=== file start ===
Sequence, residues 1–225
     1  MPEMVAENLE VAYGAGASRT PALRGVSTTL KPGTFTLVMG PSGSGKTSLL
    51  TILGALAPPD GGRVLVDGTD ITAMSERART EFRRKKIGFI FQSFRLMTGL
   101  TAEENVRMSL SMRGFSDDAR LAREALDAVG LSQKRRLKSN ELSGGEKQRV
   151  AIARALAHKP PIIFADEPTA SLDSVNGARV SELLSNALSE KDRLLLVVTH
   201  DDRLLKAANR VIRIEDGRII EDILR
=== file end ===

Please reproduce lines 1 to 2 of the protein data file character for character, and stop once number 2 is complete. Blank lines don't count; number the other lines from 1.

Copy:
Sequence, residues 1–225
     1  MPEMVAENLE VAYGAGASRT PALRGVSTTL KPGTFTLVMG PSGSGKTSLL